A rapidly changing world has created a society craving for speed and action. In a turbulent environment, future leaders face incredible pressures to deliver immediate results, to do more with less, and to manage an ever-increasing personal workload. The pace and urgency of daily demands can make it difficult to perform in the future.
Create a sustainable culture of performance
Executives have a huge challenge to create solutions to enhance the performance of the people in their organisations. Management members should know by now that they need to develop their personal mastery as leaders to manage complex problems and to engage with their people in order to create sustainable performance. There are no quick solutions, and the easy way out usually leads back in. It is therefore very important to create a culture of performance over a period, rather than trying to enforce discipline from the top with short-term solutions and threats.
The advantage of a culture of performance, over management enforcing performance, is that you get the buy-in of the employees and everyone can ‘see’ and ‘live’ the benefits of the new culture. It is however very important that management realises that the change in culture starts at the very top. This is where many managers fail. They do not understand that it all starts with them and that they should set the example.
A culture of performance and a culture of discipline
Contemporary research confirms that there is a direct correlation between a culture of performance and a culture of discipline. This means that it is easy to observe in organisations with a strong culture of discipline that there already exists a strong culture of performance. A good example of this was documented when a forklift driver in South African Breweries (SAB) saw that the labels of the beer bottles that he had to load on the truck were not straight. He stopped the forklift and went to the depot manager and said that he would not load the beer on the truck, as skew labels were not in line with their agreed culture of performance. The depot manager then instructed the forklift driver to load the beer, but the forklift driver still refused and asked the depot manager if he could have the telephone number of the CEO of SAB to get his permission to load the beer. Needless to say, the beer was never loaded. This is a good example of where a culture of performance existed, enhanced by a culture of discipline.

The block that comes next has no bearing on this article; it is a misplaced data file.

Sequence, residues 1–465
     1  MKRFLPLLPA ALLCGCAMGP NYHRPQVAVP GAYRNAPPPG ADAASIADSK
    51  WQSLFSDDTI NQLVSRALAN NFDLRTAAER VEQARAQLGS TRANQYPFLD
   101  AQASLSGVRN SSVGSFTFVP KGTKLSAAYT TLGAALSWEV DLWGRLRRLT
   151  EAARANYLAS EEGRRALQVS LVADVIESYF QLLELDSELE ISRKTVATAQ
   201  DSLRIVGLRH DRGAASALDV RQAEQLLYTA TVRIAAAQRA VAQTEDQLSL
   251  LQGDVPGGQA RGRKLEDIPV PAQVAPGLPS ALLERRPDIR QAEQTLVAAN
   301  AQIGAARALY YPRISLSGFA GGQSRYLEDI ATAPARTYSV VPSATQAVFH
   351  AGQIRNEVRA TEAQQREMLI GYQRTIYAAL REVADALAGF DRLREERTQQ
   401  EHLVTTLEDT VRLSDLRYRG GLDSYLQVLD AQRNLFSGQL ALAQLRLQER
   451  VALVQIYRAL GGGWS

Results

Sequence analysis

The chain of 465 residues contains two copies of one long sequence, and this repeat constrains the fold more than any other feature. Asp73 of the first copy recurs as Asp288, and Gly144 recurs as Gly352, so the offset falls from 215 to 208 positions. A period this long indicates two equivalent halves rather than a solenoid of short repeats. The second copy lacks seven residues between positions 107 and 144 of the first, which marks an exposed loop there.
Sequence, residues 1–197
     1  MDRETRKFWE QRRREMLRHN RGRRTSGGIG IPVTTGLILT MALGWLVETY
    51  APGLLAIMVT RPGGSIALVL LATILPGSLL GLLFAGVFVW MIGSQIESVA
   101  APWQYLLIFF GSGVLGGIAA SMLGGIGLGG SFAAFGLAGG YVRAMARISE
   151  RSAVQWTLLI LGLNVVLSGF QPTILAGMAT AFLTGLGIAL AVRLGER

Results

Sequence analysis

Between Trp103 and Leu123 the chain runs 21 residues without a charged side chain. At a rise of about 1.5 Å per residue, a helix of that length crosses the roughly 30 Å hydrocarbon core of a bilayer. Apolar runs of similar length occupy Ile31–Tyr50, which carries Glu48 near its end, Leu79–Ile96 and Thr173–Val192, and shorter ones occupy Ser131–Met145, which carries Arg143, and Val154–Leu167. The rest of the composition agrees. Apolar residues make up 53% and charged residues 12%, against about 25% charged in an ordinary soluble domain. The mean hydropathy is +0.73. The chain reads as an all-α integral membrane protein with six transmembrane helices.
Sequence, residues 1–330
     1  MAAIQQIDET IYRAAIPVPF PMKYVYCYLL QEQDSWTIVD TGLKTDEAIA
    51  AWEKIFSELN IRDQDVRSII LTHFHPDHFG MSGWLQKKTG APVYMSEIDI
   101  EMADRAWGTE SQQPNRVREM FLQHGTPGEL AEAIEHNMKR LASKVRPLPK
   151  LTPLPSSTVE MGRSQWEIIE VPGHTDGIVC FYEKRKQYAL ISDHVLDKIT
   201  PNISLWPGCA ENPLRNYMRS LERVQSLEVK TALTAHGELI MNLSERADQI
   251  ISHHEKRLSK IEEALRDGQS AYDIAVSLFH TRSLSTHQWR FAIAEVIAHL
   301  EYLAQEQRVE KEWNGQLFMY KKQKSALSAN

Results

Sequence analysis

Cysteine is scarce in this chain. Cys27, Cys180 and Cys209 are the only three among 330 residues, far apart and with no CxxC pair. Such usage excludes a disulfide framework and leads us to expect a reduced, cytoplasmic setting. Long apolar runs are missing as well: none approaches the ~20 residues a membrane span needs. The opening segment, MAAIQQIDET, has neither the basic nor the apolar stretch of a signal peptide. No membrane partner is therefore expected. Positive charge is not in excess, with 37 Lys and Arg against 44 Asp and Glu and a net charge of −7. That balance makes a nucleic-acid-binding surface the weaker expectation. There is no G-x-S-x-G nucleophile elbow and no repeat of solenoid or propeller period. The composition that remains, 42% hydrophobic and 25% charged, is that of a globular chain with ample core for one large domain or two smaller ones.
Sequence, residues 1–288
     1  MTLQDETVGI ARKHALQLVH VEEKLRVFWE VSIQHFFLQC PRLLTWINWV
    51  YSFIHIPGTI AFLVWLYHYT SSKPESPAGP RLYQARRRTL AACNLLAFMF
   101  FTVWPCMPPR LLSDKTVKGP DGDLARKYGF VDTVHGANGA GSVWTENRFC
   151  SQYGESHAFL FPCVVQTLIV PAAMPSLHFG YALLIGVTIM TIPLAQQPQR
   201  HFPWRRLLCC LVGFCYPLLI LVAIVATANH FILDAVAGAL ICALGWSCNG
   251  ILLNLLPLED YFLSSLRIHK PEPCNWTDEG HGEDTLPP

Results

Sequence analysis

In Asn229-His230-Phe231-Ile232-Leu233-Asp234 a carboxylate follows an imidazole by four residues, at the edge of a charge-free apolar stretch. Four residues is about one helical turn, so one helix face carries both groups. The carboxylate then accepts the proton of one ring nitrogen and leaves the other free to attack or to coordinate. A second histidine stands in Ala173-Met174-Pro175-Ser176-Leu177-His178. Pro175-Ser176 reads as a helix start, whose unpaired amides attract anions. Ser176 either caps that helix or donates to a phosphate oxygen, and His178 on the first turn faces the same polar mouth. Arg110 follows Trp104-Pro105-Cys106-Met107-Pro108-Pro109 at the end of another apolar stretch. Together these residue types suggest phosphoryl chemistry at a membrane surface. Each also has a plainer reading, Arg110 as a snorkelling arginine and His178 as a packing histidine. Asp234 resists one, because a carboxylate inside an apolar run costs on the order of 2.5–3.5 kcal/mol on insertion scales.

First determine the current culture of performance
It is important first to determine the current culture in the organisation. Unfortunately, many management teams are in denial and do not want to admit that there is a problem with the culture in their organisations. Only after a thorough analysis with a proper questionnaire that measures the culture in the organisation, do management teams realise their current state for the first time and that much work needs to be done to create a culture of performance in the organisation.
Performance and productivity
Do not expect that there will be a high level of productivity in an organisation if there is not a culture of performance. Every person in the organisation must be able to ’see’ the benefits of this culture, but should also be held accountable to perform according to this agreed standard, with consequences not enforced by management, but initiated by fellow employees (forklift example). When a culture of performance is established over time, management can also look forward to a culture of discipline. The existence of the two dimensions in organisations is a proven combination for excellence. The ultimate consequence will be sustainable performance that will have a positive impact on the motivation and engagement of the employees at all levels.
Dr Kobus Serfontein is a senior lecturer and module head of Leadership Studies at the USB.